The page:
Finally, another Geek 501 post! The idea here is to give some thoughts on geek culture, what it is to be a geek, and things geeks love. We’ve talked before a few times about Geeks and Consumerism. The conclusion was, geeks “consume” media and culture and cultural artifacts, but that this does not have to mean in a materialistic way: geeks are often cool with subscription services, libraries, and other ways to get access to the culture they love.
I also started Geek 501 by talking about Geeks and Sharing, about how geeks love to share the things they love – with other fans, with non-fans, and occasionally, with anyone who will listen! In some ways, this post is a continuation of this idea. Geeks consume media, geeks share it with their friends and family… but at some point, they seem to move beyond that. At some point, all the ideas of Web 2.0, of contributing and interacting and creating, kick in too. More than consuming: participating, remixing, reviewing and recommending.
The title of the post comes from a theme party we went to in college, where you had to do something creative to get a snack or drink. There was sidewalk chalk, paper, singing, all kinds of things. Apparently the phrase has stuck with me all this time, as the declarative statement that it is. You must create! So follow on for some of my ideas on how geeks create.
What We Create
Maybe it’s a bit too meta for me, on a geek culture blog, to be talking about how geeks create. After all, one of the very common and simple ways a geek begins to create and give back in general. Where sharing with the people around you isn’t quite enough, you start sharing with anyone who will listen, or read. I say listen because I find there are a whole lot of people creating Podcasts or YouTube videos as well.
So what sorts of things are people putting out there and sharing? TV and movie and comic and book reviews. Game walkthroughs and strategy. Wikis and Wikias. I’ve recently found a lot of Warmachine battle reports, construction guides, and painting sharing. Fanart and fan-fiction. Parody or Anime music videos. Thoughts and reactions. Speculation and questions. For a great example of a variety of these sorts of things, I love the roundup each week on The Speech Bubble by @GothamRogue.
Then there are other sorts of things people create or do. One of the main things that comes to mind is Cosplay. More than just enjoying a character or an aesthetic, with Cosplay you are joining in, are creating and being a part of it. There are a growing number of Zombie walks and events, for instance, where people often get some really creative zombie makeup going on! And even without doing too much with that, just doing something like that, participating, making it real, is awesome.
One of my favorite examples of Cosplay combined with an aesthetic was the Steampunk Professor Xavier (and other X-Men) from Dragon Con 2010. Another thing that has just stuck with me, I guess!
Downside to Participation
Is there a problem with geeks joining in, creating and adding to the culture? I know we often find ourselves in a tension between wanting to keep up with the things the culture contains – the shows, movies, comics, what have you – and wanting to keep up with what others say about it, like especially on other blogs!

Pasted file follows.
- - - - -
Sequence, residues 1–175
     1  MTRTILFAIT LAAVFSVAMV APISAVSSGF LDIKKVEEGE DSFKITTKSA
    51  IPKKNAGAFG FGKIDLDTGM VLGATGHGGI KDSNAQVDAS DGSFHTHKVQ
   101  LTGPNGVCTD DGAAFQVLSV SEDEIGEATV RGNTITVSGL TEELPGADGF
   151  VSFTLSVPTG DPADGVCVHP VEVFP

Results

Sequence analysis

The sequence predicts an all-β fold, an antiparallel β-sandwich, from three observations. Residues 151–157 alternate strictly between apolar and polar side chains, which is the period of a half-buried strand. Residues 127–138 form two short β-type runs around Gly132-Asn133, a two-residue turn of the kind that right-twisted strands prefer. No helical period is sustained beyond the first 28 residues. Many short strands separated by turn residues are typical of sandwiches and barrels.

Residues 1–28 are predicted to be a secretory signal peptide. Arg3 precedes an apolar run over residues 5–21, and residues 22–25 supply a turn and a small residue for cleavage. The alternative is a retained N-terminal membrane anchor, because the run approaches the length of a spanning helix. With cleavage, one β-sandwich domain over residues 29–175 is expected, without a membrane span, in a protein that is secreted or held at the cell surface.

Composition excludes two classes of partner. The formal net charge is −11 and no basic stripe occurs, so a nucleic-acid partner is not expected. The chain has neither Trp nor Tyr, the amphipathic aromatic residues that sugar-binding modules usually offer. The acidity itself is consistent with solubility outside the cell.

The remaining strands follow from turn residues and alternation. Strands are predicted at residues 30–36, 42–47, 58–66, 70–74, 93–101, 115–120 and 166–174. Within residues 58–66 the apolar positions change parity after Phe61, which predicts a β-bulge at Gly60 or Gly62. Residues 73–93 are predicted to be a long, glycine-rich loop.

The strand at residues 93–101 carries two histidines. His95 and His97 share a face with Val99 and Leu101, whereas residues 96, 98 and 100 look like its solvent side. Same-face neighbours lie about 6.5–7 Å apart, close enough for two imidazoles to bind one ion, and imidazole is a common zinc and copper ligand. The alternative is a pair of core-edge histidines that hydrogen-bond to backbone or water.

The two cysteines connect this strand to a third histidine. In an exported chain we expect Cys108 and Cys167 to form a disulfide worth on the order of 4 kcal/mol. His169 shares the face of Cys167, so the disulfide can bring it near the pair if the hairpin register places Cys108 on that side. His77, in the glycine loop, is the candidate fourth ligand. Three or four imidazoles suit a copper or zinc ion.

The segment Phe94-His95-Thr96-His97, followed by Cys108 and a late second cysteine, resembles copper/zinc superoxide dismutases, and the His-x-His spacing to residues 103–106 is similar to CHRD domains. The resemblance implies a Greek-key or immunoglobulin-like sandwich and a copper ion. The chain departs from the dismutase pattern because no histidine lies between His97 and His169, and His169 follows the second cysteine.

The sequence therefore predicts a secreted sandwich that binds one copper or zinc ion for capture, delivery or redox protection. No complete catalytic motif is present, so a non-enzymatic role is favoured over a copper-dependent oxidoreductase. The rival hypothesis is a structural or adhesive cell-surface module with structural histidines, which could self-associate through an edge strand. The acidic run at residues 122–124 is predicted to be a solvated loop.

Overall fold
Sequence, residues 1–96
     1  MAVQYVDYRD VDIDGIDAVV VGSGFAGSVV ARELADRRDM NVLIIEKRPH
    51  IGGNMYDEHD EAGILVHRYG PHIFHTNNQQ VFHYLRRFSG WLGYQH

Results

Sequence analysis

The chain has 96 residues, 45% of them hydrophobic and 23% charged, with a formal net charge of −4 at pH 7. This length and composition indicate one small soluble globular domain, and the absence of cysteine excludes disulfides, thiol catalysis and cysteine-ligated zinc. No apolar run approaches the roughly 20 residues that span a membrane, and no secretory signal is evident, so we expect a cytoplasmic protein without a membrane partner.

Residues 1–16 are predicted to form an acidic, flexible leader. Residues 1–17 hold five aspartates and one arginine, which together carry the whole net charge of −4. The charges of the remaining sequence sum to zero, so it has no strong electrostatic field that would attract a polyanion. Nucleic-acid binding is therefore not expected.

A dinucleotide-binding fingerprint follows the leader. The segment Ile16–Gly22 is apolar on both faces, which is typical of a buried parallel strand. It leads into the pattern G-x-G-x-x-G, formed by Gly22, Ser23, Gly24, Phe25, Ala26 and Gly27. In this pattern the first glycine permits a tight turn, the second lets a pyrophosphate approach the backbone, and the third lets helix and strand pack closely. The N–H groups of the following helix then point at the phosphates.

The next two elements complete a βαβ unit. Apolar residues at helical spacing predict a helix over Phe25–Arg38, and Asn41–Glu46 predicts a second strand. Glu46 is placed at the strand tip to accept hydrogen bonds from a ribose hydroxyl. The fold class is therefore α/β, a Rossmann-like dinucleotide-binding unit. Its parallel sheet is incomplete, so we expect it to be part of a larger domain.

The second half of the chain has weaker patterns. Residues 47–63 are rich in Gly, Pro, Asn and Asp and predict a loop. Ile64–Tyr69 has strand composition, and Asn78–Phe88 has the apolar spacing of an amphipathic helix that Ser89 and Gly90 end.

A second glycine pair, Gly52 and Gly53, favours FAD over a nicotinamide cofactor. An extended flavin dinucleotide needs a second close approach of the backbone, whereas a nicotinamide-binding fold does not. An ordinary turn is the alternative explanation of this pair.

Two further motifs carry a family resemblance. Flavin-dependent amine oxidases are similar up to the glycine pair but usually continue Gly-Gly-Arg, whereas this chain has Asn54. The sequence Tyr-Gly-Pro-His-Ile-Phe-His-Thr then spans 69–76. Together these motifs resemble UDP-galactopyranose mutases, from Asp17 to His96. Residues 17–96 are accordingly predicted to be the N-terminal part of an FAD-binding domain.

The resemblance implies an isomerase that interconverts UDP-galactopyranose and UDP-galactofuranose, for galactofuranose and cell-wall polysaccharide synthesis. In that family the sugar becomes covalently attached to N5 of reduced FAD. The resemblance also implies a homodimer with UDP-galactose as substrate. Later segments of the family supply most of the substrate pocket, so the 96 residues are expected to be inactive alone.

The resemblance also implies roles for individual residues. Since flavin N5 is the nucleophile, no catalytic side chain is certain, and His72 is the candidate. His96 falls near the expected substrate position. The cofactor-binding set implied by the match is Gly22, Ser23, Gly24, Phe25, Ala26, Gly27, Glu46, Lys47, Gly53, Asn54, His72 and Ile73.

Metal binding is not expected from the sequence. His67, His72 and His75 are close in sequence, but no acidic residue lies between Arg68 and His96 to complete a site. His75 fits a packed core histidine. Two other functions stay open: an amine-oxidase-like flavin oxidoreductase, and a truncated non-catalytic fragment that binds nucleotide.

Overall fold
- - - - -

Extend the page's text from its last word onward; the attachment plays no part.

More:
But it’s more than just not having time for everything that is a problem. Geeks participating and joining in has economic and other impacts. When geeks are creating the video game strategy guides, for instance, I’m sure it’s much harder to sell the physical ones that used to be far more common. I know we have hung on to our old ones, but haven’t added too many in recent years to the collection!
And then, what about critics and reviewers? I feel that we are much more critical of the critics now, the paid, full-time critics. When I can go online for free and add my thoughts about anything in the world I want to… how special is it for someone to do so in a paid capacity? They have to add value, have to do it better than I do it. When you’re talking about writing an opinion piece better than someone else… that can be hard to do!
And then, thinking of things like costumes and cosplay, there really are people that do this for fun (or at least not for pay) who are phenomenally good at it – and there have been some reality shows lately to showcase this, like Heroes of Cosplay and Face Off. When you can create some of those things… it could be upsetting to not have a job doing it!
There’s often talk and concerns about whether there are “gateway” items to being a geek. Or questions about the difference between “geeks” and “nerds.” Does “creating” like I talk about here make you a geek or not? Does it make you a geek instead of a nerd?
I would say no on both counts. I would say that this is not a cause of being a geek, but an effect. Maybe it’s always been an element, but especially with Web 2.0 it’s all so much more visible today than it’s ever been before. I would say that this is why it seems like there are so many more geeks today than in the past – we’re out there creating, interacting, and being seen and noticed and finding each other.
Maybe it all comes back to Fandom – to the love of these things, and then an increasing activity around it. A love of the wider universe, of the things and stories and creations of them. There’s so much to geek out about – and we do, and it’s great.